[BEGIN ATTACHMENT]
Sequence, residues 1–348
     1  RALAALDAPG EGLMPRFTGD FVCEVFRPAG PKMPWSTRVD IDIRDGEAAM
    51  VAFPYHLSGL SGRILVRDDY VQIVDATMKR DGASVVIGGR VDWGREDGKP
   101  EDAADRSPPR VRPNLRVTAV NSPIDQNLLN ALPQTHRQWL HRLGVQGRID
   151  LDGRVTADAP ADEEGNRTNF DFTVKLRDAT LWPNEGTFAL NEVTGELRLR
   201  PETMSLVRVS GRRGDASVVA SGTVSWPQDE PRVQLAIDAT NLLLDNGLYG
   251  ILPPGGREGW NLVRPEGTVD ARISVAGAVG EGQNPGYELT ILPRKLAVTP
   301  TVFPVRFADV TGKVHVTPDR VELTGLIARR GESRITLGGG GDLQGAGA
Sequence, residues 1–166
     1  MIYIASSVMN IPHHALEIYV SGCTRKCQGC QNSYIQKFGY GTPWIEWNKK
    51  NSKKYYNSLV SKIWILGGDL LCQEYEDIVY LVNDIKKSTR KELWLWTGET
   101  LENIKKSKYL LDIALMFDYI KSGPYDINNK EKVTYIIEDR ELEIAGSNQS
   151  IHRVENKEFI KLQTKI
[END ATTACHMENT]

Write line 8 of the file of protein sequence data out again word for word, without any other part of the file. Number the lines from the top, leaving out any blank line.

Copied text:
   301  TVFPVRFADV TGKVHVTPDR VELTGLIARR GESRITLGGG GDLQGAGA